Kelly Kessler, DePaul Media and Cinema studies professor, and Pablo Mota play cards on the floor of the Kessler-Flauto family’s living room before dinner on Nov. 5. Cissy Hubbard, who is Flautos mother, Emilio Mota and Albani Rivero laugh in the background as they watch the two play “War.”
Kelly Kessler, DePaul Media and Cinema studies professor, and Pablo Mota play cards on the floor of the Kessler-Flauto family’s living room before dinner on Nov. 5. Cissy Hubbard, who is Flauto’s mother, Emilio Mota and Albani Rivero laugh in the background as they watch the two play “War.”
Cary Robbins

‘It was our moment of blessing’: Migrant family finds a home with the help of a DePaul professor

A migrant family traveled all the way to Chicago from Venezuela, and a chance encounter brought them to their found family and a new home.

The home of Kelly Kessler, a DePaul professor, was louder than usual one night in early November. She and her wife Elizabeth Flauto were preparing chicken and dumpling soup to share with who they call their new family. The Venezuelan couple and their young son had just landed in Chicago five months before, after a long journey from their home country. 

The sound of cards flipping — while Kessler and Pablo, the young boy, played cards — intertwined with the sounds of pots clanking, knives cutting cheese and laughter.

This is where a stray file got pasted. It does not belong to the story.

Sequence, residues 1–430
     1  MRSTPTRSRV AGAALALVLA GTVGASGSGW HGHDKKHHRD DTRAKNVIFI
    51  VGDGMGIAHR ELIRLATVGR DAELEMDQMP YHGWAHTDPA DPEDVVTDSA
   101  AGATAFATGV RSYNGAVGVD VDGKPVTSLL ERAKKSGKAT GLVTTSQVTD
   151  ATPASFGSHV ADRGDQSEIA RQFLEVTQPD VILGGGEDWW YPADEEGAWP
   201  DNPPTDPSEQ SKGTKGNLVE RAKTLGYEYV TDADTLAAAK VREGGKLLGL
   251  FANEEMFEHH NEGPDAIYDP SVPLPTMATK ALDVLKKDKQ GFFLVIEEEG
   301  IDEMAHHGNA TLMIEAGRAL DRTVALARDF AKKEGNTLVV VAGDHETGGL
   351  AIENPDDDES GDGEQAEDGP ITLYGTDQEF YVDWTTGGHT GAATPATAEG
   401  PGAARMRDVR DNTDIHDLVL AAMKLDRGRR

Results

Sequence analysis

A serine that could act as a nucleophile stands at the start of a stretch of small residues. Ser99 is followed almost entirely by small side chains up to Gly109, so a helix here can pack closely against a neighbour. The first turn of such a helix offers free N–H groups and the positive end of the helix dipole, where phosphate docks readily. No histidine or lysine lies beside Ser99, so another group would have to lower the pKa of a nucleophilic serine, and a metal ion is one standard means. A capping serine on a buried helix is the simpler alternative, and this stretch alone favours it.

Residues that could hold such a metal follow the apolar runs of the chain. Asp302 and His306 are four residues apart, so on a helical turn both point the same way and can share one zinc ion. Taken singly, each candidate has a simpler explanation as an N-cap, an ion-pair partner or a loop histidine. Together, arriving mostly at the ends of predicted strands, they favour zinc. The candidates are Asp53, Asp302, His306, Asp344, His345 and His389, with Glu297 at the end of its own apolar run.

When Emilio Mota came to the U.S. with his partner Albani Rivero and their 4-year-old son, Pablo Mota, they had high hopes of finding safety and a home for Pablo. They were escaping extreme poverty and misery caused by Venezuela’s political turmoil.

They didn’t immediately find a home but they did find Kessler and her wife, who opened their house and heart to them a few days after arriving in the city. Thanks to the couple’s support, the migrant family has a lawyer helping them with their asylum case, and they also have an apartment after months of struggling in the city-run shelters. 

Leaving their native country wasn’t easy.

Pablo Mota and Kelly Kessler, DePaul Media and and Cinema studies professor, look at Kessler’s phone on the floor of the Kessler-Flauto family’s living room on Nov. 5. Kessler translated into Spanish using her phone that she would have to figure out how to work the Switch game before he comes over next so that Mota could to understand. “¿Mañana?,” Mota asked. (Cary Robbins)
Albani Rivero (left), Emilio Mota (middle) and Pablo Mota (right) laugh together at the Kessler-Flauto family’s dinner table on Nov. 5. Four-year-old Pablo Mota wanted to show everyone at the table his new toy. (Cary Robbins)

It took Rivero and Mota months to prepare, and the day they decided to make the trek North was “a day of much thinking,” Rivero said.